So from now on we regard no one from a worldly point of view. Though we once regarded Christ in this way, we do so no longer. Therefore, if anyone is in Christ, the new creation has come: The old has gone, the new is here! All this is from God, who reconciled us to himself through Christ and gave us the ministry of reconciliation: that God was reconciling the world to himself in Christ, not counting people’s sins against them. And he has committed to us the message of reconciliation.

2 Corinthians 5:16-19

 

A row of padlocksEvery now and then, when I was little girl, I’d get caught doing something wrong. I remember a time when I decided I should tear down the wallpaper in the dining room of our home. I’m not sure why that idea seemed so appealing to me, but I know the idea lost its luster the moment my mom walked in and found me picking away at the paper on that wall.

My parents were right to punish me for that act, and for other missteps I took along the way to adulthood. Their punishment of me was just and fair. It helped me understand the difference between right and wrong. It help me gain a grasp of how my behavior impacts others in this world. By disciplining me, my parents helped me to see my responsibility to those around me, to my environment, and to myself.

When I was disciplined as a child, that discipline never served to separate me from my family or to change the status of my relationship to them. When my timeout had been completed, or when my grounding was finally over, I was welcomed back into my family with open arms, the punishment and its inciting incident behind us all, and the lessons learned weaving their way into the fabric of my world view for years to come.

Perhaps you can recall similar experiences from your own childhood? For me, the moment of reconciliation and restoration was a breath of fresh air. Knowing that I was still welcomed in my family, despite my mistakes, was always the very best reward of having done my time and paid my dues.

On April 22, 2016, Gov. Terry McAuliffe signed an executive order restoring the voting rights of 206,000 ex-felons, in Virginia. Of course, there was a wide range of reaction to the governor’s decision. Some claimed it to be a political ploy in a presidential election season, and others praised the governor for what they viewed as a display of compassion. Whatever you and I may think about the politics and the implications of such a decision, it’s difficult to ignore the way this action offers reconciliation and restoration to hundreds of thousands who have done their time and paid their dues.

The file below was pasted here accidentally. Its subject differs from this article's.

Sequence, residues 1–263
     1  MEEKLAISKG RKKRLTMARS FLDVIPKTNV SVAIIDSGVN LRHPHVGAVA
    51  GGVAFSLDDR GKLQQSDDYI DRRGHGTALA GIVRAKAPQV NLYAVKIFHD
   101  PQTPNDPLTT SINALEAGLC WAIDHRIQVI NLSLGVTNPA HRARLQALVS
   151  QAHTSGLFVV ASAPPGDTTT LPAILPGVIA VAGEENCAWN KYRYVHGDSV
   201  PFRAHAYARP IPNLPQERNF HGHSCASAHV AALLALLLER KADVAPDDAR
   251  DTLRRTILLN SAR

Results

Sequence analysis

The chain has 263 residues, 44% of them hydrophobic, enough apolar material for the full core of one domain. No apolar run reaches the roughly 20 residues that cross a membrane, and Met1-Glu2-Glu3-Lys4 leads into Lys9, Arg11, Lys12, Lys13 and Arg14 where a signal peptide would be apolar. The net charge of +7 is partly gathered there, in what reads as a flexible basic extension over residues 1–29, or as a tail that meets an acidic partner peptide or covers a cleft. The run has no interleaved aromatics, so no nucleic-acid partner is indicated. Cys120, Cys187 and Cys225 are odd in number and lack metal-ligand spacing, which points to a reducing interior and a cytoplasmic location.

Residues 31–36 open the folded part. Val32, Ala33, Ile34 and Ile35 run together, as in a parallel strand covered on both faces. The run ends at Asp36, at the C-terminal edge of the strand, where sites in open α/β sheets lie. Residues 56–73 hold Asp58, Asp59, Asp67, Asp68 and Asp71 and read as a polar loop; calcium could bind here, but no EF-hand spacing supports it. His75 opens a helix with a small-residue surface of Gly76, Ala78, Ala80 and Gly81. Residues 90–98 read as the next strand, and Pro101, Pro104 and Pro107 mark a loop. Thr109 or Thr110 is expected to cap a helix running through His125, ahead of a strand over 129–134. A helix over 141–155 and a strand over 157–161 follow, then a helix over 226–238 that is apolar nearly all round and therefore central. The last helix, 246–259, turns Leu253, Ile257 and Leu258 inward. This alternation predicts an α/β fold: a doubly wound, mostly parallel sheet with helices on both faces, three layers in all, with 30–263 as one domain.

When God sent Jesus to move into the neighborhood and pay the debt for our many crimes, he offered us the gift of reconciliation and restoration. We never could have paid the debt, no matter how we tried. Our offenses against God are too numerous and, on top of that, we keep making mistakes despite our very best intentions. Like those 206,000 men and women whose voting rights have been restored in Virginia, we can breathe a sigh of relief, knowing we’ve been welcomed back to God with open arms, and our sins will not be counted against us. It’s truly an astounding and humbling gift to receive.

QUESTIONS FOR REFLECTION:

What are your experiences with restoration and reconciliation? How does it feel to know your crimes and your sins will not be held against you? Who are the people in your life that need to hear this message?

PRAYER:

Lord, God, thank you for the message and the gift of reconciliation. Thank you for casting my sins as far as the east is from the west. Help me to be mindful of this great gift I’ve been given, and show me how to be an agent of reconciliation in the world. Amen.

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